Again, in 1584, the inn was described as "Ye Belle Sauvage," and there have been many speculations as to the origin of the name, and some doubt as to the correct spelling.

In 1648 and 1672 exhibitions of landlords' tokens of various inns were held, whereat were shown two belonging to "La Belle Sauvage," the sign of one being that of an Indian woman holding a bow and arrow, and the other, of Queen Anne's time, that of a savage standing by a bell, and it has been conjectured that this latter sign may have suggested the name. But as the inn was known as "Ye Belle Savage" some sixty years previously this is hardly likely. Another conjecture as to its origin was made by Addison in The Spectator, who, having read an old French romance which gives an account of a beautiful woman called in French "La Belle Sauvage" and translated into English as "Bell Savage," considered the name was derived from that source. Alderman Sir W. P. Treloar, in his excellent little book on "Ludgate Hill," puts forth another idea. "As the inn," he says, "was the mansion of the Savage family, and near to Bailey or Ballium, it is at least conceivable that it would come to be known as the Bail or Bailey Savage Inn, and afterward the Old Bail or Bailey Inn." We prefer, however, to favour the Isabella Savage theory as the likely one.

Long before Elizabeth's time and long after-wards the inn was a very famous one. In the days before Shakespeare the actors gave performances of their plays in the old inn yard, using the courtyards as the pit in theatres is used to-day, and the upper and lower galleries for what are now the boxes and galleries of modern theatres. In 1556, the old inns, such as the "Cross Keys," the "Bull" and "Belle Sauvage" were used extensively for this purpose, the latter, we are told, almost ranking as a permanent theatre. We find Collier also stating that the "Belle Sauvage" was a favourite place for these performances.

Originally the old inn consisted of two courts, an inner and outer one. The present archway from Ludgate Hill led into the latter, which at one time contained private houses. A distinguished resident in one of these (No. 11) was Grinling Gibbons. According to Horace Walpole, Gibbons carved an exquisite pot of flowers in wood, which stood on his window-sill there, and shook surprisingly with the motion of the coaches that passed beneath. The inn proper, surrounded by its picturesque galleries, stood in a corner of the inner court, entered by a second archway about half-way up the yard.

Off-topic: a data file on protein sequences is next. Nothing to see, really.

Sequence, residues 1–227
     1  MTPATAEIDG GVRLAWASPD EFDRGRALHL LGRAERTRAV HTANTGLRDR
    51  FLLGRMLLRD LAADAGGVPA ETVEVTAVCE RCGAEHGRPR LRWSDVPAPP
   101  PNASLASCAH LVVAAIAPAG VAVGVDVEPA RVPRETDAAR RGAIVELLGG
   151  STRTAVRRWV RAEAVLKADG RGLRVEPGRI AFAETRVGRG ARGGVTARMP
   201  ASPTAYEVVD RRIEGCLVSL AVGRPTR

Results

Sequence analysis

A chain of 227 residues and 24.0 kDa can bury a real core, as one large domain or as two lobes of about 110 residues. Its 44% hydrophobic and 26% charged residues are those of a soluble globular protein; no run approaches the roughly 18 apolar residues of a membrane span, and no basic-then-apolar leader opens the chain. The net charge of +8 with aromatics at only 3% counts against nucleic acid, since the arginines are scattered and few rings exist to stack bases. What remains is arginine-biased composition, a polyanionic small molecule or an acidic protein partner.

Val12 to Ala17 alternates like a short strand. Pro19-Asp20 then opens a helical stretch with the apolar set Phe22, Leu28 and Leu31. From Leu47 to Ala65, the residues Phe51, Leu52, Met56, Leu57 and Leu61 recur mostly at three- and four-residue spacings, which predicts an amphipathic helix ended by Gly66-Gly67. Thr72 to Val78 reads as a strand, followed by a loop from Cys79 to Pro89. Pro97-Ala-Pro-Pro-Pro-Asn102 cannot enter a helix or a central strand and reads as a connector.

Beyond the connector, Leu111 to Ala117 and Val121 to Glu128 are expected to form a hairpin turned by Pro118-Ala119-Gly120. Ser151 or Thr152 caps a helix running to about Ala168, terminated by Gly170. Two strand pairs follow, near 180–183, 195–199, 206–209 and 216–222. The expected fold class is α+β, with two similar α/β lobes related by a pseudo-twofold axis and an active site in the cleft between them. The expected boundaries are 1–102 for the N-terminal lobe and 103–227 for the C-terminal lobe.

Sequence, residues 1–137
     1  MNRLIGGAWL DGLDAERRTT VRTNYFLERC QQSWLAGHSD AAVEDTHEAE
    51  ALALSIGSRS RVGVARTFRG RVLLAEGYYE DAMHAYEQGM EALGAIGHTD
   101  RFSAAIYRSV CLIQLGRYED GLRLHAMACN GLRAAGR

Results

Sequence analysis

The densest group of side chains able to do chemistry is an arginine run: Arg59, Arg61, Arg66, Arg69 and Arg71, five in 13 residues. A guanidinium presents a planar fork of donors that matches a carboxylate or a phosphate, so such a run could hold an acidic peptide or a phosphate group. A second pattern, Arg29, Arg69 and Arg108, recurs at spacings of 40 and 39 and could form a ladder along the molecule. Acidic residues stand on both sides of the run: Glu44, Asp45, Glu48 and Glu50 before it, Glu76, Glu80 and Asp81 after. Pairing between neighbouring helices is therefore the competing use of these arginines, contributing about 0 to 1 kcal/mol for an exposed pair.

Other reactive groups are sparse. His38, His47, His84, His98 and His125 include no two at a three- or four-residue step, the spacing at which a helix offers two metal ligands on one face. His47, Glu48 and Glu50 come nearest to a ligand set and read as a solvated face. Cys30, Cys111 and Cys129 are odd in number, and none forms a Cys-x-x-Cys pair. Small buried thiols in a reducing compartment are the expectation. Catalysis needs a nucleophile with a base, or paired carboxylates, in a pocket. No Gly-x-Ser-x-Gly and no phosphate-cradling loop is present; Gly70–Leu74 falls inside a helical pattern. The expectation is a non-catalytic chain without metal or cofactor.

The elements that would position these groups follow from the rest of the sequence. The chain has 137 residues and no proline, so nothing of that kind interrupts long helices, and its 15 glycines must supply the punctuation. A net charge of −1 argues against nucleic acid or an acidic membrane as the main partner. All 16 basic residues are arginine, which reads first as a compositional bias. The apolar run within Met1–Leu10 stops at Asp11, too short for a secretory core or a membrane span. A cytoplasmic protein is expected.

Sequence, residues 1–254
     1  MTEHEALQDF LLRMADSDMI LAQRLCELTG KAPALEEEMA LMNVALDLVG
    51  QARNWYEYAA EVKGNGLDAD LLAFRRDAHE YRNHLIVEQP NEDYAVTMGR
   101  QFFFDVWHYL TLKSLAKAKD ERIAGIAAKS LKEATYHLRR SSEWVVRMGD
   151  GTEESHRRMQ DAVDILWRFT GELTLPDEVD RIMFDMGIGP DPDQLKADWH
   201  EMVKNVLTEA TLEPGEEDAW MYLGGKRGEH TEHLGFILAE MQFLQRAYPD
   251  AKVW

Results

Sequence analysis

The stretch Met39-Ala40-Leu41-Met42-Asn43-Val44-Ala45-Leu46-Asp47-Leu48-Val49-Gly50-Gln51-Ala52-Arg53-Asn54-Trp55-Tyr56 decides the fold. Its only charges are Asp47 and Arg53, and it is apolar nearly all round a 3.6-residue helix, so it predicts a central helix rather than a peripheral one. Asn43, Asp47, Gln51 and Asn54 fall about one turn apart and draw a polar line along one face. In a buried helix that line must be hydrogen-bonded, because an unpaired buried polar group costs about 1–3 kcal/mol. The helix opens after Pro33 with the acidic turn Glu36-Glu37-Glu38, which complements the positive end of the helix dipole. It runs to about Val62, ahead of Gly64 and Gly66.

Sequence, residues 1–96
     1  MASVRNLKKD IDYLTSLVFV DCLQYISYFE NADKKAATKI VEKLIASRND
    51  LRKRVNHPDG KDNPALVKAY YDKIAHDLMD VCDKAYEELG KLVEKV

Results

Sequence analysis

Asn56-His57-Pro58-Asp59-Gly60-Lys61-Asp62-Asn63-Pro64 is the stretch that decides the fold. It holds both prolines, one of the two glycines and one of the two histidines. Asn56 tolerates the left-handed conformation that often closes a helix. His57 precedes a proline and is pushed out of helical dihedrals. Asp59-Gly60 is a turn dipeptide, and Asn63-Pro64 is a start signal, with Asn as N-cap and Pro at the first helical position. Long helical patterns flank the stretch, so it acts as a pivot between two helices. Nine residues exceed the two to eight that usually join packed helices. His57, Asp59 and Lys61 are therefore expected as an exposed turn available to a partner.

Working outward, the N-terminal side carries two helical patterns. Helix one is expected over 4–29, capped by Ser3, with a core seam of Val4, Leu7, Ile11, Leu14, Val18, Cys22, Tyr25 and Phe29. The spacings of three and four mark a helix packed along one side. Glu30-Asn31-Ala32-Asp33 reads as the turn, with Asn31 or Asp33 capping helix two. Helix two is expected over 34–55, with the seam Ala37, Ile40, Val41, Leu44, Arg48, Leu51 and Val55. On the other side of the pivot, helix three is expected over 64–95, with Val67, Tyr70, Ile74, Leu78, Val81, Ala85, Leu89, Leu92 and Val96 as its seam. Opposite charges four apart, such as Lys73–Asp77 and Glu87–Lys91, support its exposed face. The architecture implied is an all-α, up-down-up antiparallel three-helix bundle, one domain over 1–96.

Part of the inn abutted on to the back of Fleet Prison, and Mr. Tearle in his Rambles with an American, bearing this fact in mind, ingeniously suggests that the conception of the idea for smuggling Mr. Pickwick from the prison by means of a piano without works may have been conceived in Mr. Weller's brain while resting in the "Belle Sauvage" and contemplating the prison wall.

In 1828, the period of The Pickwick Papers, J. Pollard painted a picture of the Cambridge coach ("The Star") leaving the inn. A portion of this picture showing the coach and the north side of Ludgate Hill, was published as a lithograph by Thomas McLean of the Haymarket. It gives the details of the inn entrance and the coach on a large scale. The inn at the time was owned by Robert Nelson. He was a son of Mrs. Ann Nelson, the popular proprietor of the "Bull," Whitechapel. Besides the coaches for the eastern counties, those also for other parts of the country started from its precincts, for such names as Bath, Bristol, Exeter, Plymouth, Oxford, Gloucester, Coventry, Carlisle, Manchester were announced on the signboard at the side of the archway.

In spite of the fact that Dickens only once refers to the inn, its name and fame, nevertheless, will always be associated with him and with Tony Weller, who was so familiar with it and so attached to it, as to name it as the parish he resided in.

The relating of the story of how Tony Weller was driven into his second marriage, which reveals "La Belle Sauvage" as his headquarters, also first brings into prominence the "Markis o' Granby," Dorking, as the residence of Mrs. Susan Clarke, and incidentally the scene of more than one amusing incident after she became Mrs. Weller, senior. "The 'Marquis of Granby' in Mrs. Weller's time," we are informed, "was quite a model of a roadside public-house of the better class—just large enough to be convenient, and small enough to be snug."

In the chapter describing how Sam displayed his high sense of duty as a son, by paying a visit to his "mother-in-law," as he called her, and how he discovered Mr. Stiggins indulging in "hot pine-apple rum and water," we get a little pen-picture of the inn.

"On the opposite side of the road was a signboard on a high post representing the head and shoulders of a gentleman with an apoplectic countenance, in a red coat with deep blue facings, and a touch of the same over his three-cornered hat, for a sky . . . an undoubted likeness of the Marquis of Granby of glorious memory. The bar window displayed a choice collection of geranium plants, and a well-dusted row of spirit phials. The open shutters bore a variety of golden inscriptions, eulogistic of good beds and neat wines; and the choice group of countrymen and hostlers lounging about the stable door and horse-trough afforded presumptive proof of the excellent quality of the ale and spirits which were sold within."

Phiz's picture, forming the vignette on the title-page, hardly does justice to this description, although the incident of old Weller performing the "beautiful and exhilarating" act of immersing Mr. Stiggins's head in the horse-trough full of water, is spirited enough.

The "Markis Gran by Dorken," as the elder Weller styled it in his letter to Sam, is another of those inns, which figure prominently in the book, that have never been actually identified. Robert Allbut, in 1897, claimed to have found the original in the High Street opposite the Post Office at the side of Chequers' Court. Only a part of it then existed, and was being used as a grocer's shop.